# POWER FACTOR CORRECTION & CAPACITOR SIZE CALCULATOR

Power Factor can be defined as the ratio between Real Power (Watts) and Apparent Power (VA). In simpler words, it tells how effectively your device utilizes electricity. So, a good power factor would lead in better efficiency and low cost of bill. In order to improve power factor, power factor compensation devices are used, out of which capacitor banks are the most common. In this calculator, we will be able to calculate the right size of capacitor bank for power factor compensation.

**Choose what to calculate**

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Signup Now## Causes of Low Power Factor:

The main cause of the low Power factor is Inductive Load. Current lags 90° from the voltage in a purely inductive circuit. This huge difference in phase angle between current and voltage causes zero power factor.

Following are the causes of low Power factor:

- Single phase and three phase induction motors. Usually, Induction motor works at poor power factor i.e. at:
- Full load, Pf = 0.8 -0.9
- Small load, Pf = 0.2 -0.3
- No Load, Pf may drop to Zero (0)
- Varying Load in Power System (when the power system is lightly loaded, the ratio of real power to reactive power is reduced, resulting in a decreased power factor).
- Industrial heating furnaces.
- Electrical discharge lamps (High-intensity discharge lighting) Arc lamps (which operate at a very low power factor).
- Transformers.
- Harmonic Currents.

## Why accurate capacitor bank sizing is required ?

For better efficiency, capacitor bank should be chosen wisely.

**Overly size capacitor bank**will cause cable to heat**Under size capacitor bank**will not benefit, as electricity bill will still be high due to high power factor.

## Power factor correction calculator parameter:

**Power : ** In kW.

**Connection Type : **Single phase or 3-phase.

If 3-phase selected: voltage line to line or voltage line to neutral (Volts), load type (Y or delta) old power factor (in unit or %), required power factor (in unit or %), frequency (in Hz).

If single-phase selected: voltage (Volts), old power factor (in unit or %), required power factor (in unit or %), frequency (in Hz).

## Steps for power factor correction calculator:

### When power is given in kVA:

#### For 1 phase AC circuit:

First we have to convert the given power factors into angle using formula:

**power factor**

*CosØ*=**Cos**

*Ø*=^{-1}(power factor)

From the above formula, we can calculate angle of old and new power factor required.

**Cos**

*Ø1*=^{-1}(old power factor)

**Cos**

*Ø2*=^{-1}(new power factor)

After angle calculation, the required capacitance reactive power is calculated using the formula:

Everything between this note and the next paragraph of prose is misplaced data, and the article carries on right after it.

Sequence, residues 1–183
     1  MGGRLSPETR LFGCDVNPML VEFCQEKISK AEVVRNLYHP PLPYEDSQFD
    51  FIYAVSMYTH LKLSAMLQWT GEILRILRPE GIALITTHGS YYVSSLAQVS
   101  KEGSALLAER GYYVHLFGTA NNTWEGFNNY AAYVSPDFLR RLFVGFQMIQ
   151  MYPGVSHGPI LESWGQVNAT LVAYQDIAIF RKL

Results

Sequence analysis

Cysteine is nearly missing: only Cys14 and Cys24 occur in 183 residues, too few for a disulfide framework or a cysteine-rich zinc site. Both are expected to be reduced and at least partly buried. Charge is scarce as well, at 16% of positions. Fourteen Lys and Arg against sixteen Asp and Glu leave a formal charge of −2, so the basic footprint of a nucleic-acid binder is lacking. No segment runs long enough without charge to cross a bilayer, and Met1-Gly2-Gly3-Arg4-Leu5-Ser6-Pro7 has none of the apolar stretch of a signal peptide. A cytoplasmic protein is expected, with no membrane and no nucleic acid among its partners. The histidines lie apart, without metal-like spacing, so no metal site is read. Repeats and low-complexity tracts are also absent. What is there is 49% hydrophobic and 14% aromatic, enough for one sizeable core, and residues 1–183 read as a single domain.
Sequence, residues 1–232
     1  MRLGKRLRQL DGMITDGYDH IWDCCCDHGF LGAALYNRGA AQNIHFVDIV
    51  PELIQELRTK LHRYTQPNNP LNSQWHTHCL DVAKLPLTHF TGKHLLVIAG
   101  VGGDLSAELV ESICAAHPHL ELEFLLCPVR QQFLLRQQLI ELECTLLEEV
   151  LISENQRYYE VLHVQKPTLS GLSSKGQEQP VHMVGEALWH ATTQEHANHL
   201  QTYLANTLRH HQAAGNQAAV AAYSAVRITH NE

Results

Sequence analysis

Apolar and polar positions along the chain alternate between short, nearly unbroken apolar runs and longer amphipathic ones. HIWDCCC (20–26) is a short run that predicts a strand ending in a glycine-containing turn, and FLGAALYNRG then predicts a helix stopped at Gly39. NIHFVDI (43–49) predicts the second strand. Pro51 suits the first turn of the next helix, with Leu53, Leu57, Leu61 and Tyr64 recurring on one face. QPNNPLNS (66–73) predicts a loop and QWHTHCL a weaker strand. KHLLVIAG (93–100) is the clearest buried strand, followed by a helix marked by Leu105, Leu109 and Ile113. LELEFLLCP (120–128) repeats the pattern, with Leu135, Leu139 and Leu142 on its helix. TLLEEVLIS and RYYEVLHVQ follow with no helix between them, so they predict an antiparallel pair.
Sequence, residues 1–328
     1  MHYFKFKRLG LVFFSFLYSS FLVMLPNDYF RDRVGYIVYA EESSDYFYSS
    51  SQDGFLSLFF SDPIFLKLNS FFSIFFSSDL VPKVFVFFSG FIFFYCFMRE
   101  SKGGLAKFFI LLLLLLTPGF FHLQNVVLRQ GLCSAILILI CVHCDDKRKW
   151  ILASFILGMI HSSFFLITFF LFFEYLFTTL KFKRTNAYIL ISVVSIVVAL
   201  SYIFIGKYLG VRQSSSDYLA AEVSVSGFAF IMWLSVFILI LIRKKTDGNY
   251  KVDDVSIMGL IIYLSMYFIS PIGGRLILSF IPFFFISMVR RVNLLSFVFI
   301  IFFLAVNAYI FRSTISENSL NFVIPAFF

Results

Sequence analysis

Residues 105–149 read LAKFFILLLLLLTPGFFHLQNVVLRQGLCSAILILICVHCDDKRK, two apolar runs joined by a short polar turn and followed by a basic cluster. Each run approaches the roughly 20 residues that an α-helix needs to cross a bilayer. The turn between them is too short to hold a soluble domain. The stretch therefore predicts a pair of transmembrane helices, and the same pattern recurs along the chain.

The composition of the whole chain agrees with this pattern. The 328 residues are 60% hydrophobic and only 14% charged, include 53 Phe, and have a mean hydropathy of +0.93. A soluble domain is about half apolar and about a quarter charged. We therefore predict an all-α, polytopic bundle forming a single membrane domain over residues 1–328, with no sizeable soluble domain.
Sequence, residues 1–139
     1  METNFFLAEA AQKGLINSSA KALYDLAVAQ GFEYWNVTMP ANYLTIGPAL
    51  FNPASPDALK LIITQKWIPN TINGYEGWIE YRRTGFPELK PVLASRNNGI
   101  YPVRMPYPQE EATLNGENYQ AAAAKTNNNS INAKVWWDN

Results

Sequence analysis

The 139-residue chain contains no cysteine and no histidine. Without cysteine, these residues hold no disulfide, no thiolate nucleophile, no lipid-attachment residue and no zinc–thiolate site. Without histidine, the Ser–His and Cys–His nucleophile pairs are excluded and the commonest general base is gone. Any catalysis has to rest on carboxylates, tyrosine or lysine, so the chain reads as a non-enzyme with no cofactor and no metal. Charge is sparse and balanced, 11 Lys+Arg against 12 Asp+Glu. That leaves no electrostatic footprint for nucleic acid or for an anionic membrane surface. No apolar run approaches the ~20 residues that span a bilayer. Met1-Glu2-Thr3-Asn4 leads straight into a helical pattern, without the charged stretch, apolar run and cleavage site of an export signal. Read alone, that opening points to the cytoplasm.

**P(tanØ1-tanØ2)**

*Qc*=For the capacitance:

*C*=^{2}*2*pi*f

#### For 3 phase AC circuits:

First we have to convert the given power factors into angle using formula:

*CosØ*= power factor

*Ø*= Cos

^{-1}(power factor)

From the above formula, we can calculate angle of old and new power factor required.

*Ø1*= Cos

^{-1}(old power factor)

*Ø2*= Cos

^{-1}(new power factor)

After angle calculation, the required capacitance reactive power is calculated using the formula:

*Qc*=P(tanØ1-tanØ2)

For the capacitance:

If line to line voltage is given, then first it is converted to phase voltage using formula formula (only valid for Y-connected loads, if delta connected load is given then no conversion is required as in delta connected load phase voltage is equal to line voltage):

*Vph*=

*C*=

^{2}*2*pi*f

### Note:

In the above formulas:

- Power factor (p.f) is given in form of unit, ranging from 0 to 1 (for example: 0.8, 0.9). If p.f is expressed in terms of percentage then it is first converted into units by dividing percentage power factor by 100 and then its value is given in the formula.
- If load is Y-connected, and line to line voltage is selected then first convert it in to line to neutral voltage (phase voltage) by 1.73

### Solved Example:

#### For single phase system:

Consider a single-phase AC system that has the following data:

**Given:**

Voltage (V) =230 V

Power (P) = 1.5 kW

Old power factor (p.f1) =0.7 unit

New power factor (p.f2) =0.9 unit

Frequency (f) =50 Hz

**Required:**

Required Reactive Power= Qc = ? (KVARs)

Required Capacitance= C = ? (µF)

**Solution:**

From single phase AC circuit formula

*Ø1*= Cos

^{-1}(0.7)

*Ø1*= 45.6°

*Ø2*= Cos

^{-1}(0.9)

*Ø2*= 25.85°

*Qc*=1.5 * 1000 * (tanβ‘(45.6°) - tanβ‘(25.85°))

*Qc*= 804.193 VARs or 0.804 KVARs

*C*=^{2}* 2 * 3.14 * 50

*C*= 48.41 µF

#### For 3 phase system:

Consider a three-phase system that has the following data:

**Given:**

Voltage (V) =3815 V (phase voltage)

Power (P) = 20 kW

Old power factor (p.f1) =0.7 unit

New power factor (p.f2) =0.9 unit

Frequency =50 Hz

**Required:**

Required Reactive Power= Qc = ? (KVARs)

Required Capacitance= C = ? (µF)

**Solution:**

From 3 phase AC circuit formula

*Ø1*= Cos

^{-1}(0.7)

*Ø1*= 45.6°

*Ø2*= Cos

^{-1}(0.9)

*Ø2*= Cos

^{-1}25.85°

*Qc*=20 * 1000 * (tanβ‘(45.6°) - tanβ‘(25.85°))

*Qc*= 10722.58 VARs or 10.722 KVARs

*C*=^{2}* 2 * 3.14 * 50

*C*= 2.346 µF

If line voltages are given then we just divide the given line voltage by 1.73 (root 3) (for Y-connection load only if delta connected load is given then no changes required).

**For example:** for a Y- connected load the line voltage is given as V=6600 V (line to line), while all the other data given remains same:

*C*=^{2}* 2 * 3.14 * 50

*C*= 2.346 µF